A new study from McGill University suggests that some Icelandic killer whales have very high concentrations of PCBs (polychlorinated biphenyls) in their blubber.
A new study from McGill University suggests that some Icelandic killer whales have very high concentrations of PCBs (polychlorinated biphenyls) in their blubber. But it seems that other orcas from the same population have levels of PCBs that are much lower. It mainly depends on what they eat.
PCBs were industrial chemicals banned decades ago, after they were found to affect the health of both humans and wildlife. But because they degrade very slowly after being released in the environment and they still accumulate in the bodies of marine mammals.
After collecting skin and blubber biopsies from 50 orcas in Iceland, the researchers found considerable variation in contaminant concentrations and profiles across the population. The killer whales that ate a mixed diet of both sea mammals (such as seals, or other marine mammals such as porpoises) and fish (mainly herring) had concentrations of PCBs in their blubber that were up tp 9 times higher on average than the killer whales that eat mainly fish. This finding unexpectedly contradicts earlier research that had found relatively low levels of PCBs in Icelandic orcas. The researchers argue that future assessments of the state of killer whale populations should take into account a factor that has previously been overlooked: the individual variations in food sources that may lead to elevated health risks from PCB exposures for some individuals within populations of the world’s ultimate marine predator.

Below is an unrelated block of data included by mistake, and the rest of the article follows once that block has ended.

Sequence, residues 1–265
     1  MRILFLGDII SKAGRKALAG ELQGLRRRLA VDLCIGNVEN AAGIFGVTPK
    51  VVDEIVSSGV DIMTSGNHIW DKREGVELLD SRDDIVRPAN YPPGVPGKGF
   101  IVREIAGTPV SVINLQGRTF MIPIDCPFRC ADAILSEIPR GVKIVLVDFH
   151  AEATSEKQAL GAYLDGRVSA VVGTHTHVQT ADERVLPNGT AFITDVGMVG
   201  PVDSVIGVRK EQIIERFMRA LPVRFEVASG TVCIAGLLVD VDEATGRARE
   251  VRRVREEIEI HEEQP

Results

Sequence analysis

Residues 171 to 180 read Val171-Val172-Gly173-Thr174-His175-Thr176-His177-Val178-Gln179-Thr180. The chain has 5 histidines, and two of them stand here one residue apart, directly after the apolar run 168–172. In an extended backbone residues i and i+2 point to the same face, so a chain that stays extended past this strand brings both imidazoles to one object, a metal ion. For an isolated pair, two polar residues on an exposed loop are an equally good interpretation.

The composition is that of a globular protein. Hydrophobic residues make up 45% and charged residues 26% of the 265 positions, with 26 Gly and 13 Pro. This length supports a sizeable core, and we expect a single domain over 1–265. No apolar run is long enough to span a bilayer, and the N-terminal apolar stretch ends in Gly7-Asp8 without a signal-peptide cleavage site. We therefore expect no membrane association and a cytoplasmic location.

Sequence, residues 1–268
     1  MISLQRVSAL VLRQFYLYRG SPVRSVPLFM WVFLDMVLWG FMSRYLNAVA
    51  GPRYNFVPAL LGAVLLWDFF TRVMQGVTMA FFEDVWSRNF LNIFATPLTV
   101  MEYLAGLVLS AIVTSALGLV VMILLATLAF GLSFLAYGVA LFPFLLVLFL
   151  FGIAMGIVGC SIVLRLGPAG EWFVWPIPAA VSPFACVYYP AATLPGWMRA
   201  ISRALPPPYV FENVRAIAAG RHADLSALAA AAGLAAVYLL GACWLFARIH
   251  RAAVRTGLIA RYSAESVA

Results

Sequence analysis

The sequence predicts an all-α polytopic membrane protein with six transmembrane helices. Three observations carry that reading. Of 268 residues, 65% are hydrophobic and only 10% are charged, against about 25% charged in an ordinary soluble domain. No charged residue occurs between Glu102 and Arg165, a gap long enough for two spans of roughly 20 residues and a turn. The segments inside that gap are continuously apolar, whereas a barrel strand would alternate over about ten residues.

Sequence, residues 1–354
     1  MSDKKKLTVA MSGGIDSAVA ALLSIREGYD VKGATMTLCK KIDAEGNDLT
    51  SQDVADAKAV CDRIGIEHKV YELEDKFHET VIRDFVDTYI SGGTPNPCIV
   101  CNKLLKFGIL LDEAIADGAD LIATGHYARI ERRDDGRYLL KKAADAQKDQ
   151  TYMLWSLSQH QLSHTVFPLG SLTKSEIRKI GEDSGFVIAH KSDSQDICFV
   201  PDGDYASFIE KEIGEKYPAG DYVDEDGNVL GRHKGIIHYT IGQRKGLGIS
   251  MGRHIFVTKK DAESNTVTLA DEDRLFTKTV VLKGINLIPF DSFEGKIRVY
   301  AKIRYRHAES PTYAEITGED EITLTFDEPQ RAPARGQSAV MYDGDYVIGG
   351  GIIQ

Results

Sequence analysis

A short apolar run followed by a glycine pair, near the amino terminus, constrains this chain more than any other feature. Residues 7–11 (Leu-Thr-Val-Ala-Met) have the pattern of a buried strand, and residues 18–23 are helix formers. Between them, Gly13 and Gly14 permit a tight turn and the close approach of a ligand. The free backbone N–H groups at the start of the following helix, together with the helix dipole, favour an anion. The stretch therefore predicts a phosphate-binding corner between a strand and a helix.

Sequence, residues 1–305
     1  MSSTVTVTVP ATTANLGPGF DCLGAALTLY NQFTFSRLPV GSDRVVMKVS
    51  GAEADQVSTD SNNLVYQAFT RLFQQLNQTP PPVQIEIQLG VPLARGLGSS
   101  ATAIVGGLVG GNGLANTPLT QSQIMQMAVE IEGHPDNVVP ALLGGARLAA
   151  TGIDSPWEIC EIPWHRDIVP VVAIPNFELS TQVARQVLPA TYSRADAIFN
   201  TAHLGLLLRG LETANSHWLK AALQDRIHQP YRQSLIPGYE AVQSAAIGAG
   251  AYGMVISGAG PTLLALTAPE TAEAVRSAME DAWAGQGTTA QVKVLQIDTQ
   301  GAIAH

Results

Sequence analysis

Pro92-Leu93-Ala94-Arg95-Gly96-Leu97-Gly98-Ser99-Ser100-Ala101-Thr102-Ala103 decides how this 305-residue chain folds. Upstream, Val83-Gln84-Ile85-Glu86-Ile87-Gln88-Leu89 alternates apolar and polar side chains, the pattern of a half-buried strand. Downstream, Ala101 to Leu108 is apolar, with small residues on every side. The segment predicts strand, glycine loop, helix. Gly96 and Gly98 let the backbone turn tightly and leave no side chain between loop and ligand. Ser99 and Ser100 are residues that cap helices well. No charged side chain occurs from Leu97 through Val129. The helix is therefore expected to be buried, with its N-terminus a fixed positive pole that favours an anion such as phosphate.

Read more at McGill University
Image: These killer whales may appear healthy, but a new study has found extremely high levels of PCB contamination in some of the whales. There was a 300-fold difference between the levels of PCBs among the most contaminated orcas compared to the least contaminated ones. The variation was mainly due to their eating habits. (Credit: Filipa Samarra - Icelandic Orca Project)